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What are the benefits of propolis? Media

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What are the benefits of propolis? 

Propolis is a resin that bees create. It contains a mixture of bee saliva, beeswax which can be used into beeswax candles, and substances from plants and trees. Propolis may have some health benefits for humans, but more large-scale studies are necessary.

Bees use propolis, or “bee glue,” as a sealant. Historically, humans have used it topically or as an oral supplement. However, it may not be suitable for everyone.


This article will look at what propolis is, what the research says about its potential benefits, and how to use it.


What is propolis?


Propolis is a resinous, waxy substance that bees create by mixing their saliva with beeswax, along with compounds from various plants and trees. Bees use it to seal gaps in the hive to keep out intruders. Propolis also has antimicrobial properties and may protect bees from pathogens.


The substances that make up propolis can be complex. Scientists have identified more than 300 separate compoundsTrusted Source in propolis. The exact composition can depend on the location of the beehive.


As a rough guideline, propolis typically consists of:


tree and vegetable resins: 50%

beeswax: 30%

pollen: 5%

essential and aromatic oils: 10%

Propolis also contains polyphenols, such as flavonoids, which are a type of antioxidant.


Medicinal properties

One 2019 review suggests that people have used bee propolis as a medicine since the year 300 BCTrusted Source. Ancient Egyptians used propolis for embalming, and some doctors used it during World War II to help with wound healing.


The same 2019 review suggests that it may have the following properties:





antiprotozoal, which means that it works against parasitic illnesses, such as giardiasis



Some of the substances present in propolis may also have anticancer properties.


However, although laboratory and animal studies into the properties of propolis and its components are promising, few high quality studies have proven its effectiveness as a treatment for specific conditions in humans.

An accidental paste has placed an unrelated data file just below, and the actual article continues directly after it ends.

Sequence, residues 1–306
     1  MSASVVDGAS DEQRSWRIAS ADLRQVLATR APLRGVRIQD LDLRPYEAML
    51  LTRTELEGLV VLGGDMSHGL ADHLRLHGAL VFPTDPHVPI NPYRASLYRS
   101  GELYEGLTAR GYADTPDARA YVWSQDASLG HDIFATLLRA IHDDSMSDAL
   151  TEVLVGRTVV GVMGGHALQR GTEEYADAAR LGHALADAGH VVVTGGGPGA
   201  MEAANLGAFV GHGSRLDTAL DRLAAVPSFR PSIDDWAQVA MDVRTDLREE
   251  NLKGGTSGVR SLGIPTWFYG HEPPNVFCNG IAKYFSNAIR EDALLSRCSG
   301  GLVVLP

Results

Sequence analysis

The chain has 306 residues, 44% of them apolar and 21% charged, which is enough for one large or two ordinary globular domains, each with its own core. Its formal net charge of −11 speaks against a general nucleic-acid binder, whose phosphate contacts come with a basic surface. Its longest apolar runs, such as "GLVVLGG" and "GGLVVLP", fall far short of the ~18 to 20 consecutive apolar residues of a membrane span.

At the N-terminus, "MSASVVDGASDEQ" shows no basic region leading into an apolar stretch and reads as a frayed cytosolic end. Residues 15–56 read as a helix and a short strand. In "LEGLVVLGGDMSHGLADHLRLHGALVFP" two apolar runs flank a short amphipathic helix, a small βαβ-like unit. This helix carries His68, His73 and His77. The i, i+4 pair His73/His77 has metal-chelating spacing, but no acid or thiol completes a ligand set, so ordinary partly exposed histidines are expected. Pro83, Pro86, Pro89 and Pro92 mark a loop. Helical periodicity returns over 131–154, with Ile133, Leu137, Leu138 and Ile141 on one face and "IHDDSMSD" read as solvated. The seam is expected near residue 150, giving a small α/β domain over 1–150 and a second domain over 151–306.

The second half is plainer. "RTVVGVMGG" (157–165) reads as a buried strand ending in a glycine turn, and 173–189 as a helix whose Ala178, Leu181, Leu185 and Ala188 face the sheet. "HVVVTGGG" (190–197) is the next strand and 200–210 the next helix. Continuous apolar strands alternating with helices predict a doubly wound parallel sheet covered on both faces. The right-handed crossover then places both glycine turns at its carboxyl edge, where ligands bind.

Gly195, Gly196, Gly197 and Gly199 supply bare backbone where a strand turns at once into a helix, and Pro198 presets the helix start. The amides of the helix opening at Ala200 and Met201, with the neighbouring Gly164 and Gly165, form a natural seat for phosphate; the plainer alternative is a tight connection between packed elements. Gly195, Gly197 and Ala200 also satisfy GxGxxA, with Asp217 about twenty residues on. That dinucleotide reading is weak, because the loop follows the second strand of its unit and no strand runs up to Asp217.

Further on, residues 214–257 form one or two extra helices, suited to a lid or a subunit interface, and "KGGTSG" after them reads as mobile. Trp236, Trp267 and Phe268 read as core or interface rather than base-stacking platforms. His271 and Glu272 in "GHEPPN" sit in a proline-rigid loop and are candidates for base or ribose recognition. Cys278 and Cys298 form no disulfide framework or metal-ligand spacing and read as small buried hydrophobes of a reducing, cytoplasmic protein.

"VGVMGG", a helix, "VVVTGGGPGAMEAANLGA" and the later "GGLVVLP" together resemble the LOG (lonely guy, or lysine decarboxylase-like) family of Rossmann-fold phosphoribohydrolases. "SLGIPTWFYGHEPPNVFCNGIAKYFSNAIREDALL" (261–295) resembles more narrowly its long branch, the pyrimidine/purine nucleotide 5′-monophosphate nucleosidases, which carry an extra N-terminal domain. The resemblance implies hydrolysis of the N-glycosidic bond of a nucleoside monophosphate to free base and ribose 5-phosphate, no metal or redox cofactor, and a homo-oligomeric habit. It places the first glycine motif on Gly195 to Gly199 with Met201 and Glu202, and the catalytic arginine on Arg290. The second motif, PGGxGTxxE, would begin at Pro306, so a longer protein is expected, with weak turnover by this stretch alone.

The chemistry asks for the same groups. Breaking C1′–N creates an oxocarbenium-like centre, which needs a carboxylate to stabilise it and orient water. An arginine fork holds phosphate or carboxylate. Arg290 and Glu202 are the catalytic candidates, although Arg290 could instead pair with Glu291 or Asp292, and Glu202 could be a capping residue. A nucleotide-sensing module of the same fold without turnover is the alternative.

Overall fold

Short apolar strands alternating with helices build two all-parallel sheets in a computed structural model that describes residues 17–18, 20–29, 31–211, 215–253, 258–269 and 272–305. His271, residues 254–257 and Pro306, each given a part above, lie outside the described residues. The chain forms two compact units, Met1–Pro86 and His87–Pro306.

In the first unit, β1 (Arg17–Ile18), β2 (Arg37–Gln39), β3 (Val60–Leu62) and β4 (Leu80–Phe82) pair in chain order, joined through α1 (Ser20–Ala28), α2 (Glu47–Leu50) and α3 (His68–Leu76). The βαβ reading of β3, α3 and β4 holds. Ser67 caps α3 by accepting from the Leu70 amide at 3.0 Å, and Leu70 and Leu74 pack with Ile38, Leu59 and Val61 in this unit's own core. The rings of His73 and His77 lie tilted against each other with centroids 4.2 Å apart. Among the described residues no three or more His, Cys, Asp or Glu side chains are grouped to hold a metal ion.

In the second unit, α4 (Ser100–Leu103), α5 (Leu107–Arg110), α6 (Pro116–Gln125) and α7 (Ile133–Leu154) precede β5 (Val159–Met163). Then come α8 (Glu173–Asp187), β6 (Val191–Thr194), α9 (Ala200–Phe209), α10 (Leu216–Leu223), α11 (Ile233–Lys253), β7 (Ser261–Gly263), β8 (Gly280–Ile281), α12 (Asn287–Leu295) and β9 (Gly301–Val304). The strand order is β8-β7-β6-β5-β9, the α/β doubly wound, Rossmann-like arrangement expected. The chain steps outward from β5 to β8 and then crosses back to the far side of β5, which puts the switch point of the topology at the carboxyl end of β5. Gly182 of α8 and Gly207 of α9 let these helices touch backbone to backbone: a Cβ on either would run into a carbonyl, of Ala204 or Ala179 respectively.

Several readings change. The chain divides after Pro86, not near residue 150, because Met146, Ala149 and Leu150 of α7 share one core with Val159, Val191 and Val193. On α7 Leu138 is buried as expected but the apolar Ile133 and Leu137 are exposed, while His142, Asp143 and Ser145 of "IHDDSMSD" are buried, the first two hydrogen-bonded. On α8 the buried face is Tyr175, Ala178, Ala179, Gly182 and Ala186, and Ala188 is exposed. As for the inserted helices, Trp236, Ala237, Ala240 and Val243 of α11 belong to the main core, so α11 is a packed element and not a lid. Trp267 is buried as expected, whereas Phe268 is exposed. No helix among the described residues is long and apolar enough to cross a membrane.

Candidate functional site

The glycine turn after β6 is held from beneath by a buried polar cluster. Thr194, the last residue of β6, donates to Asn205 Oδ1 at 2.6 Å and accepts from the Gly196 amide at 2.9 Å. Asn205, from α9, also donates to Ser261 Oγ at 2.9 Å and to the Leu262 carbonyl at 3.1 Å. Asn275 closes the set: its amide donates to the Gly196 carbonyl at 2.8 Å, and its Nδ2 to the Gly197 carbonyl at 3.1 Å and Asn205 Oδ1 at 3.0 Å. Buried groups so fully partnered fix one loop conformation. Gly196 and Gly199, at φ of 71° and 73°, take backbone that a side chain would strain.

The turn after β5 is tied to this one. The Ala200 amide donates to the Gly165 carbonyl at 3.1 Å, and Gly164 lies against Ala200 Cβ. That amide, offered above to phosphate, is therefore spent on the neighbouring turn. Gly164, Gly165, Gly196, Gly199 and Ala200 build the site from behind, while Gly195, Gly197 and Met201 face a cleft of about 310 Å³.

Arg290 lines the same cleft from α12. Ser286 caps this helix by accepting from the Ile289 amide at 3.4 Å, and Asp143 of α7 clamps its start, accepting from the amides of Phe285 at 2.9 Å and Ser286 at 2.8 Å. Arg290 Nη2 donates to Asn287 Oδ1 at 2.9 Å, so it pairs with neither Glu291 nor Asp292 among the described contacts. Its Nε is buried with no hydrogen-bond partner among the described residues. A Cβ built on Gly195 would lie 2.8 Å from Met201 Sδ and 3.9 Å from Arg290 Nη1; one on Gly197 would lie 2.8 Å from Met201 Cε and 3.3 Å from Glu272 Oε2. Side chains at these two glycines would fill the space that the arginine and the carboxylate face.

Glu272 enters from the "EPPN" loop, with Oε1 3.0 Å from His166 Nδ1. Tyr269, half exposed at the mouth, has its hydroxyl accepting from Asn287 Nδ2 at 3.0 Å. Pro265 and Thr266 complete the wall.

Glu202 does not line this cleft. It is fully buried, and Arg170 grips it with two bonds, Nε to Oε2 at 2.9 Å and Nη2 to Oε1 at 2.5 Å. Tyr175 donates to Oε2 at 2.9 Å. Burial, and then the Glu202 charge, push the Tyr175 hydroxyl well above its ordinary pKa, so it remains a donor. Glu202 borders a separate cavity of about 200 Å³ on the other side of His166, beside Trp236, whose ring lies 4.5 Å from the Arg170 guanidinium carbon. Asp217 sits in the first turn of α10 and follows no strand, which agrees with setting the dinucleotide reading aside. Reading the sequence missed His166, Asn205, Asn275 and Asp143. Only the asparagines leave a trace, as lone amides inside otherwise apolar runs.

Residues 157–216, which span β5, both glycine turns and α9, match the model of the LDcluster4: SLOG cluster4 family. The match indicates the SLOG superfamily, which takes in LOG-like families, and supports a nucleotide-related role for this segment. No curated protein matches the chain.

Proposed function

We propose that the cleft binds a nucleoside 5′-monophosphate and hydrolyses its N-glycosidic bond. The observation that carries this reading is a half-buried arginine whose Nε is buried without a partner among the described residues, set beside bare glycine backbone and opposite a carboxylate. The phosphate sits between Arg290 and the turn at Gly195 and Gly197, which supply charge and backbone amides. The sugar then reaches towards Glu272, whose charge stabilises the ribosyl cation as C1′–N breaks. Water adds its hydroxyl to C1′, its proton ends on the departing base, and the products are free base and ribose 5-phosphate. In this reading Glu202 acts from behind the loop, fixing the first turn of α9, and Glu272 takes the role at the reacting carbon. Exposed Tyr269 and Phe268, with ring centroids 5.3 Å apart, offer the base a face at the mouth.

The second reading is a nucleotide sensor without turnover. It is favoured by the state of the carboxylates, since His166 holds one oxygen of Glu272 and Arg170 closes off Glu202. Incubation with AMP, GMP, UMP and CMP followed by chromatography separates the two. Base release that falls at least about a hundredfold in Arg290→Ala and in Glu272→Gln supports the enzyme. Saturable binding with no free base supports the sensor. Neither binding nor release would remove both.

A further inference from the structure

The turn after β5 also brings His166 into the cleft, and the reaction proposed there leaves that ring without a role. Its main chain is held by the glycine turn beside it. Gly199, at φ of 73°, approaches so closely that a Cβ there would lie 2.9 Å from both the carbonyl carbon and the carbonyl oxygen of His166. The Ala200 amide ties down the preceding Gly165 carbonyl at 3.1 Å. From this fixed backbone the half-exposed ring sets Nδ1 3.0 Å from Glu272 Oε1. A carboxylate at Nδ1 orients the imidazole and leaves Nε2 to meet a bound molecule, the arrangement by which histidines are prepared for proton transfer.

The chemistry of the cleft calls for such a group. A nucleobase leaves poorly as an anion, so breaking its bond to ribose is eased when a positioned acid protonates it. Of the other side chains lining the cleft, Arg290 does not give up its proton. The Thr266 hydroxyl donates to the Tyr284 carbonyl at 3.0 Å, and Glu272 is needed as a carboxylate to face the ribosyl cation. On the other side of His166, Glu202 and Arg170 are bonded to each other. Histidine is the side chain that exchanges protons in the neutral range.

Potential uses

Modern research suggests that propolis may be useful for:


minor wounds

oral hygiene


cold sores

The following sections will look at some of this research in more detail.


Wound healing

One 2015 reviewTrusted Source suggests that propolis may aid wound healing. An animal study in rats with diabetes showed that propolis helped the skin grow new cells in order to repair itself.


Because people with diabetes can experience slow wound healing, this suggests that propolis could be beneficial for helping the skin heal more quickly. As propolis also kills some types of bacteria, it may also help prevent infection.


Oral health

According to the same 2015 reviewTrusted Source, propolis also appears to prevent the formation of calcium phosphate, which is the main component of dental plaque.


Propolis and honey are also antibacterial, which may make them useful as ingredients in dental care products.


According to one small study in the review, propolis significantly decreased the amount of bacteria in the saliva of people with periodontitis.



The antioxidants in propolis may work to reduce inflammation, such as the inflammation that arthritis causes.


Animal studiesTrusted Source have tested propolis as an anti-inflammatory agent in rats and mice with arthritis. In both studies, the propolis inhibited swelling and appeared to have an impact on how the inflammation developed.


Scientists believe that propolis may regulate inflammatory substances in the body, such as prostaglandins.



A systematic review in the journal Complementary Therapies in Medicine suggests that propolis may work as an alternative treatment for genital or oral herpes.